Florida PSC members feud during meeting

PSC Chairman Nancy Argenziano, center, makes a point on Tuesday as commissioners Lisa Polak Edgar and Nathan A. Scop listen.

The three remaining members of the Florida Public Service Commission traded accusations of “pettiness” and “silliness” during a tense discussion Tuesday on commission policies and procedures.

The PSC has become a battleground between Gov. Charlie Crist and some legislators who say his appointees have undercut the financial stability of utilities by denying rate hike requests. Crist is considering appointments to replace Ben A. “Steve” Stevens III and David E. Klement, both of whom the Senate refused to confirm in April. Commission Chairwoman Nancy Argenziano and Commissioner Nathan A. Skop also are expected to submit their applications this week for reappointment to the commission, which pays $130,036 a year.

During an internal affairs meeting Tuesday, Argenziano feuded with Commissioner Lisa Edgar over questions Edgar had raised about following commission procedures. After Argenziano repeatedly said that Edgar had lodged a complaint with PSC General Counsel Curt Kiser, Edgar interrupted Argenziano, saying, “Please quit mischaracterizing.” Skop, who chaired the meeting during the discussion, banged a gavel and requested order. “I’m not going into the silliness and pettiness I’ve had to endure here for three years,” Argenziano said.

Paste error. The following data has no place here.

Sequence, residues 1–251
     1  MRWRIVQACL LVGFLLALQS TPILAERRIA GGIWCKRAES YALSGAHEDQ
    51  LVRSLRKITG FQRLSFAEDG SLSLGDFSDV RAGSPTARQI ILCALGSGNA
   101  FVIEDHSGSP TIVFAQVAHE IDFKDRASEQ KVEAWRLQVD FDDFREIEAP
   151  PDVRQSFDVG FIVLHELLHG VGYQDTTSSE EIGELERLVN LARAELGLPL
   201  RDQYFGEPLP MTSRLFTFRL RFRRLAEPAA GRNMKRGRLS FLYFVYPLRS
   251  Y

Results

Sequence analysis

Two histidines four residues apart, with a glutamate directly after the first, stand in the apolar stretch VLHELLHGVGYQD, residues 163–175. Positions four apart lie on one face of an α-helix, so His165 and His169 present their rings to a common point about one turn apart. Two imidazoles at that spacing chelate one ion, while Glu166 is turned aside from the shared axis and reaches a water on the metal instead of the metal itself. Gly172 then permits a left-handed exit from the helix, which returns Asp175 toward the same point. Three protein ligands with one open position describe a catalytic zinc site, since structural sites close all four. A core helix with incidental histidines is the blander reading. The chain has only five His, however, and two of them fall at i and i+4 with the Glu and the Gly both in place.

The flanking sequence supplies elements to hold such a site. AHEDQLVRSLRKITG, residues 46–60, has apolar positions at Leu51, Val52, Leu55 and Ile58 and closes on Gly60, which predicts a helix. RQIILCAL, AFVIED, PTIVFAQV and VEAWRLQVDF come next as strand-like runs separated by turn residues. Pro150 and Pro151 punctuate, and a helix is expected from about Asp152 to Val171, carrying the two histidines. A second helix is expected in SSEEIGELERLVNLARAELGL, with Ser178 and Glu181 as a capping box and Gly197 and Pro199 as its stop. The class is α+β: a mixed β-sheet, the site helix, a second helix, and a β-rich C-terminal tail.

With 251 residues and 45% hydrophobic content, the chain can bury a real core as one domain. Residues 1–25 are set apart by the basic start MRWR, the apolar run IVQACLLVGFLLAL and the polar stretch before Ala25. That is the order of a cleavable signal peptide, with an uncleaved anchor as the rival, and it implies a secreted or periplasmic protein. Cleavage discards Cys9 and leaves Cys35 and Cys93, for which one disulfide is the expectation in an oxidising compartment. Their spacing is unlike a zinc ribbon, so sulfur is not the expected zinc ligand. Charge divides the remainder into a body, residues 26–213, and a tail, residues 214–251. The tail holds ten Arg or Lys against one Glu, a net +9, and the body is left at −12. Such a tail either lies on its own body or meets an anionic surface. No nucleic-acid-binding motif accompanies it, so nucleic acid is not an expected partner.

Skop said recent memos by Edgar questioning procedures either amounted to a personal attack on Argenziano or cast aspersions on the commission. “I’m not sure the Legislature or members of the investor-owned utilities would disagree to the extent we have more important issues to deal with like the merits of cases pending before us,” Skop said.

Edgar, who had called an earlier motion by Argenziano “silly” and unnecessary, said the PSC policy and procedures document had been ignored or have been followed inconsistently. “What did it mean — when we start ignoring things that we have as statements or policies on our web site — I think is a legitimate issue,” she said.

Argenziano said she doesn’t want accusations against commissioners to come from within the commission. “There is an effort out there, in my opinion, to smear some commissioners — and I am one of those,” she said.

The commission agreed unanimously to ask staff to review its policies and procedures to determine if changes are needed. Argenziano said she was delaying other agency reforms she is considering proposing so that she can conduct more research.

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